(2) Deficiency in scientific research and technology. Since the establishment of the IPCC, scientific climate research has been ongoing, and marked progress has been made in observation means, analytical methods, and the methodology for solving difficult uncertainty problems. The IPCC scenario analysis also shows that the majority of emission reduction technologies for achieving deep emission reductions are currently available, but their economic efficiency and competitiveness need to be improved. Judging by the current global industrial structure and technology roadmap, although low-carbon technology has improved rapidly in recent years and its market penetration has increased year-on-year, using this technology to support substantive worldwide emission reductions remains difficult. In particular, major breakthroughs in key technologies (e.g., energy storage, adaptation, carbon sequestration, and geophysical engineering technologies as well as technologies for improving resource use efficiency) are required to lead the revolution in energy production and consumption, science and technology, and institutional mechanisms. To achieve deep global emission reductions, biomass energy with carbon capture and storage (BECCS) has become a key negative emission technology. Negative emissions are required in most scenarios of global temperature increase limits of 1.5 and 2 °C used in the IPCC assessment reports. Therefore, BECCS has been extensively incorporated into these low-emission scenarios. Although BECCS is theoretically feasible, its large-scale use has never been tested. The obstruction to the implementation of BECCS may come from public acceptance and its competition with food production for water and land resources.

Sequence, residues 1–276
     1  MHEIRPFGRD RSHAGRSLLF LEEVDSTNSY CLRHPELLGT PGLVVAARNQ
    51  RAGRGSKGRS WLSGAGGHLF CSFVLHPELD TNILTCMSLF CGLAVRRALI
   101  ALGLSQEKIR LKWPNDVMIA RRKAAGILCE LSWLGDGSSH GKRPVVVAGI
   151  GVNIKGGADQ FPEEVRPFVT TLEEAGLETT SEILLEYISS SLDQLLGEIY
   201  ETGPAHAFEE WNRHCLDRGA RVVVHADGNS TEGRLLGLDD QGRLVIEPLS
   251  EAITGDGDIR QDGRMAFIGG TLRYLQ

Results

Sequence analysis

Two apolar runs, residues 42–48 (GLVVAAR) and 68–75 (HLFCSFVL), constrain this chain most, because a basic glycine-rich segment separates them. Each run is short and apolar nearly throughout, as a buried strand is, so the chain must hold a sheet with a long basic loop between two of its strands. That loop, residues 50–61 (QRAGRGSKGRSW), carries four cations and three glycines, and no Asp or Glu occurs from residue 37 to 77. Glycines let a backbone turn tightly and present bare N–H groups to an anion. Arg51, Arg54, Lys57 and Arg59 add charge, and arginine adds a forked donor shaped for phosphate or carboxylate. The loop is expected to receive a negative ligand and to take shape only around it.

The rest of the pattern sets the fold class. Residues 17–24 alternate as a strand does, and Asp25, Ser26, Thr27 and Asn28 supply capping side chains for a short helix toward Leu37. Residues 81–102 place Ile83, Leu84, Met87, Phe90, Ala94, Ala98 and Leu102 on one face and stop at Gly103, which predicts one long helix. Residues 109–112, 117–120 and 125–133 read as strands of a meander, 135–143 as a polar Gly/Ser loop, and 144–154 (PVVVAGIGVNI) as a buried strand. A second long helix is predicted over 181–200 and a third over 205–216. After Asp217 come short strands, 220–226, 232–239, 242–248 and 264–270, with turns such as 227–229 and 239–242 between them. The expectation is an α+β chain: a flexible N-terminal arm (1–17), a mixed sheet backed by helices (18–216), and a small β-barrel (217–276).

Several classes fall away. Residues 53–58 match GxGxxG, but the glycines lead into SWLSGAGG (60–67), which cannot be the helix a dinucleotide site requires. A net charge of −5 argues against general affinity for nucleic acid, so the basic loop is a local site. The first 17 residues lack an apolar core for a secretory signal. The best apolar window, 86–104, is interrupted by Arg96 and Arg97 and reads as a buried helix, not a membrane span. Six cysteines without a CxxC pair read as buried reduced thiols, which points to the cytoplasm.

(3) Financial deficiency. Item 1 of Article 9 of the Paris Agreement clearly states that “developed country Parties shall provide financial resources to assist developing country Parties with respect to both mitigation and adaptation.” To achieve this global goal, increasing the scale of financial resources supplied to both mitigation and adaptation actions around the world is necessary. Developing countries need adequate financial support from developed countries to implement their NDCs effectively. Research finds that developing countries need 3×1011–1×1012 USD in financial support each year to limit the global temperature increase to 2 °C. According to calculations performed based on historical emissions, the United States should be the leader in providing financial support. However, the United States ceased to fulfill its responsibilities to provide financial support after its withdrawal from the Paris Agreement. Its withdrawal will affect other developed countries in their willingness to provide funds and the scale of the funds that they provide. As a result, achieving the goal set in the Paris Agreement of raising 1×1011 USD through developed countries each year before 2025 to assist developing countries in mitigating and adapting to climate change will be difficult. Consequently, small-island countries, those that are least developed, and African countries will face greater difficulty in responding to the impacts of climate change and the losses associated with climate change. Currently, although several financing mechanisms (e.g., the Global Environment Facility and the Green Climate Fund) are available, funds raised through these mechanisms are limited, slowing down relevant actions for tackling climate change.